Student Loan Debt Is Not Just for Millenials

If you are like me, when you hear the term student loans, I’ll bet you normally think of Americans in their twenties and thirties. However, I recently read a study that opened my eyes a little. While most of the student loan debt held in the U.S. is owed by the people under 40, that is beginning to change significantly. Whether by financing the loans of their children and grandchildren, or by refinancing their own degrees due to a midlife career change, older Americans increasingly find themselves mired in student debt as they face retirement.

According to a report released by the Government Accountability Office in September, approximately 706,000 households headed by those 65 or older now have student debt. Compared to the 22 million households under the age of 65 with student debt, the seniors may represent a small (4%) sliver of our population, the number is 4 times that of households 65 and older that held student debt in 2009.

The reason that seniors now have student debt may surprise you. At 82%, most of the student debt for seniors was accumulated to finance their own education. Only 18% of senior student loan debt is due to financing the education of their children and grandchildren.

For seniors with outstanding student loans, the impact on their finances can be significant. Approximately 29% of those same households still have a mortgage payment and 27% still carry credit card debt. As a result, families over 65 with student loans are more than twice as likely to default on their student loans (27% VS. 12%) than those under age 65. They are more than four times as likely to default if they are older than 74 (50% VS. 12%). To compound the difficulty, student loans are nearly impossible to discharge in bankruptcy, unlike most other debts. Additionally, your Social Security payments can be garnished as a result of defaulted student loans.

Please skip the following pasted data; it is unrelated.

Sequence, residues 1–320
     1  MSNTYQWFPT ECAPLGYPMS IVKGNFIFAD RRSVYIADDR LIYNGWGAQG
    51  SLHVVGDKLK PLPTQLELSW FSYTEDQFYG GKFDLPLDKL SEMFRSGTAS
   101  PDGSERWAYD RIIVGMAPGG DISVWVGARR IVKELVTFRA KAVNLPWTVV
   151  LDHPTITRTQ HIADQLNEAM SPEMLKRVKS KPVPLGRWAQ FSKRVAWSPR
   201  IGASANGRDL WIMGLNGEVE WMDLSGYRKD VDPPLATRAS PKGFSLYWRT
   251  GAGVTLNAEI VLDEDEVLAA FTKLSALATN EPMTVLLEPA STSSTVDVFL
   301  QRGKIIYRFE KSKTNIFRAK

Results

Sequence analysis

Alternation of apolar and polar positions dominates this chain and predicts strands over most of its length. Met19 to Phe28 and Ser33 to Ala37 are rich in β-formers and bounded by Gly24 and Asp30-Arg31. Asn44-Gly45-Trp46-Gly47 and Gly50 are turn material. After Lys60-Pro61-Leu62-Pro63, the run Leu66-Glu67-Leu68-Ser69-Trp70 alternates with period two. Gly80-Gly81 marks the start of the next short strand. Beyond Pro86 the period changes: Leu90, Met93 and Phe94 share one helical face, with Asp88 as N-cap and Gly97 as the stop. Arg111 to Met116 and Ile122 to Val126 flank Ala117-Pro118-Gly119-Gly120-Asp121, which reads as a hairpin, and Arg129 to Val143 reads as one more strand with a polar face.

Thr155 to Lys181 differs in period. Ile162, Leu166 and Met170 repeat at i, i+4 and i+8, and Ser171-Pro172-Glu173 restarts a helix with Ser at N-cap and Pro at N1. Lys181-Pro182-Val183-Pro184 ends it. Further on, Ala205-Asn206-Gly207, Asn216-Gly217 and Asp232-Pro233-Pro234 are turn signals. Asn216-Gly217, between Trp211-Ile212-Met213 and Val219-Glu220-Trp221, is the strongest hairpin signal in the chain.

Are you in your mid-thirties or older and contemplating taking on student loan debt to finance a mid-career education? You might want to take a good look at your expected student loan debt after you complete your education when compared to the salary you will earn. You will want to ensure you will be able to pay off those loans before you retire. As a rule of thumb, student loans should not exceed 8% of your net income.

Want to help your children or grandchildren pay for their college education? The same thinking needs to apply. At a time when you are facing a fixed retirement income, you don’t want to be burdened by student loan debt for your kids, when they have multiple means of paying for their education, including working part-time, scholarships, grants, and student loans of their own. Most experts will recommend that you not risk your retirement to help your children or grandchildren with their college costs.

Type of Debt 18-64 Years Old 65+ Years Old
Mortgage 50% 29%
Credit Card 43% 27%
Student Loan 24% 4%
Vehicle 34% 16%
Other Debt 31% 18%
Any Debt 81% 52%

With more than a trillion dollars in outstanding student loan debt, Americans are turning to student loans when faced with the escalating cost of their college educations. Studies show that even with student loan debt, people with a college education are more likely to prosper and are less likely to be laid off or lose their jobs over their lifetime. However, when you are contemplating student loans, look hard at your ability to pay the debt back. You don’t want to enter retirement with the burden of student loans on your back.

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